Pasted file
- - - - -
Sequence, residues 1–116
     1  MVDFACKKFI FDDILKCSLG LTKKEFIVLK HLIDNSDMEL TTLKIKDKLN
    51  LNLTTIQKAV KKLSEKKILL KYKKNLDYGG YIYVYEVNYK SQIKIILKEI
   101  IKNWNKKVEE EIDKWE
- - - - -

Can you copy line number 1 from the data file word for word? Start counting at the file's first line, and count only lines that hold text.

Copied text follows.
Sequence, residues 1–116